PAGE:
Jarle, or Jarl is one of the male Scandinavian names more popular in Norway. This title basically translates to something like “leader” or “chieftain”, and it’s the English equivalent to your nobleman or Earl. Jarl even has its own naming day

2. Inge

Some of the most common names in Scandinavia are gender neutral, which is great if you want to stick to the same title no matter what. Inge is a popular name in Denmark, and it refers to the Norse daughter of protection, peace, and fertility. 

3. Svea

Svea is a primarily feminine name common in Sweden. This title makes an excellent alternative to common monikers like Leah or Sara. Known for its definition “of the Swedes”, it’s hard to find another title so deeply connected to Scandinavian roots. 

4. Malthe

Some people say Malthe is a name from Saxon origins, although we’re not totally sure. The title achieved a lot of popularity in the 20th century among Danish boys. There’s also a female version of the title, which is “Molte”. Malthe means power or helmet. 

5. Sigge

Popular among boys in Sweden, Sigge basically means “victory bear”, which definitely helps it to stand out among some of the more common Scandinavian names. Sigge is also a great nickname for people named Sigfrid or Sigmund.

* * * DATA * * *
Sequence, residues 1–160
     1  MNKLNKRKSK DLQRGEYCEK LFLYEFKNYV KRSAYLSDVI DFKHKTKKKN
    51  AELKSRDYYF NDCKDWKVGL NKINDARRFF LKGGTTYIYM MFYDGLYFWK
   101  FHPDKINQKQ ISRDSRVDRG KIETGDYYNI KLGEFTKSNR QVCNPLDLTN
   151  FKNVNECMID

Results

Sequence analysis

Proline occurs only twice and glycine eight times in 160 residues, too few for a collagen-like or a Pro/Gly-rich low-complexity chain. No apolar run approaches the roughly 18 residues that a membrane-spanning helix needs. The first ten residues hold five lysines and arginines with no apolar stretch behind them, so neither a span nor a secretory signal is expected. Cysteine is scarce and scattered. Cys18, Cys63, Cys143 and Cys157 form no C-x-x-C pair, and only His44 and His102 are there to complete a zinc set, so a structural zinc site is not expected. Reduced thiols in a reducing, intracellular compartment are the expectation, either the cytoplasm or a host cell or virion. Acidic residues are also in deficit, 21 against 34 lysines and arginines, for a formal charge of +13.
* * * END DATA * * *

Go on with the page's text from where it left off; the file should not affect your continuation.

6. Liva

Liva is a popular name among a range of countries, including those in the Scandinavian region. Lifa stands for protection, but in Norway, it has a more common meaning of just “life”. Liva is a great alternative to the better-known names of Olivia or Liv. 

7. Fiske

Fiske is a mostly Norwegian name, although it has a solid standing in Denmark too. Fiske comes from the Old Norse word for Fish, so it’s usually used to refer to a fisherman. In Denmark, Fiske is a common last name, as well as a Scandinavian first name. 

8. Eira

Eira is another popular name in Scandinavia suitable for either girls or boys. This appealing title means “Protection” and comes from an older term “Eir”. In Finland, Eir has its own name day on the 9th of August every year. 

9. Tuva

Nordic names are just as common as Viking names in Scandinavia, with many titles having their own Norse origins. Tuva has a few meanings as a modern form of an Icelandic name meaning “knoll” or “mound”. In Swedish, the word “Tuva” translates to a mound of grass. 

10. Alva